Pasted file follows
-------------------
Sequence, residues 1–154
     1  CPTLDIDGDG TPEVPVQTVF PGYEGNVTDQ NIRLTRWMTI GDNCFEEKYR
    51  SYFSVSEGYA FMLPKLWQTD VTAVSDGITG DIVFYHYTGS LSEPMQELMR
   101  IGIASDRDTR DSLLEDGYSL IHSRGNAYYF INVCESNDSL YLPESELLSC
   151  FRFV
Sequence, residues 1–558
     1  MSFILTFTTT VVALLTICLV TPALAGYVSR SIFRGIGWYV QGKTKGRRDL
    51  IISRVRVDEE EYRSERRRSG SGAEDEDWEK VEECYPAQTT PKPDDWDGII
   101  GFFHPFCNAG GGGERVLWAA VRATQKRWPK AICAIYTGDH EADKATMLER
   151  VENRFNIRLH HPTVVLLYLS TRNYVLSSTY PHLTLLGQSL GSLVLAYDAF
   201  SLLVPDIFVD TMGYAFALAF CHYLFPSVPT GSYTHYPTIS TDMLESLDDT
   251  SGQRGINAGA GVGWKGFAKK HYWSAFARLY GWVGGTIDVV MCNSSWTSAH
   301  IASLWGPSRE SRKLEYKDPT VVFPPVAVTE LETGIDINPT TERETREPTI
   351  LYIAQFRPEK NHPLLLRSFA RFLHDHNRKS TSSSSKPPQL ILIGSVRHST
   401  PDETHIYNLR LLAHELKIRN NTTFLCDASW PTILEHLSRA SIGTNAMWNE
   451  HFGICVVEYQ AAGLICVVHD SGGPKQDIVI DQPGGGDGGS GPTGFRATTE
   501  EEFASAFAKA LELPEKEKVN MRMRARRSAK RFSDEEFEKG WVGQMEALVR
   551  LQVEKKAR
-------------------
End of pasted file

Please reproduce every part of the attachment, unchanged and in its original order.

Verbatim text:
Sequence, residues 1–154
     1  CPTLDIDGDG TPEVPVQTVF PGYEGNVTDQ NIRLTRWMTI GDNCFEEKYR
    51  SYFSVSEGYA FMLPKLWQTD VTAVSDGITG DIVFYHYTGS LSEPMQELMR
   101  IGIASDRDTR DSLLEDGYSL IHSRGNAYYF INVCESNDSL YLPESELLSC
   151  FRFV
Sequence, residues 1–558
     1  MSFILTFTTT VVALLTICLV TPALAGYVSR SIFRGIGWYV QGKTKGRRDL
    51  IISRVRVDEE EYRSERRRSG SGAEDEDWEK VEECYPAQTT PKPDDWDGII
   101  GFFHPFCNAG GGGERVLWAA VRATQKRWPK AICAIYTGDH EADKATMLER
   151  VENRFNIRLH HPTVVLLYLS TRNYVLSSTY PHLTLLGQSL GSLVLAYDAF
   201  SLLVPDIFVD TMGYAFALAF CHYLFPSVPT GSYTHYPTIS TDMLESLDDT
   251  SGQRGINAGA GVGWKGFAKK HYWSAFARLY GWVGGTIDVV MCNSSWTSAH
   301  IASLWGPSRE SRKLEYKDPT VVFPPVAVTE LETGIDINPT TERETREPTI
   351  LYIAQFRPEK NHPLLLRSFA RFLHDHNRKS TSSSSKPPQL ILIGSVRHST
   401  PDETHIYNLR LLAHELKIRN NTTFLCDASW PTILEHLSRA SIGTNAMWNE
   451  HFGICVVEYQ AAGLICVVHD SGGPKQDIVI DQPGGGDGGS GPTGFRATTE
   501  EEFASAFAKA LELPEKEKVN MRMRARRSAK RFSDEEFEKG WVGQMEALVR
   551  LQVEKKAR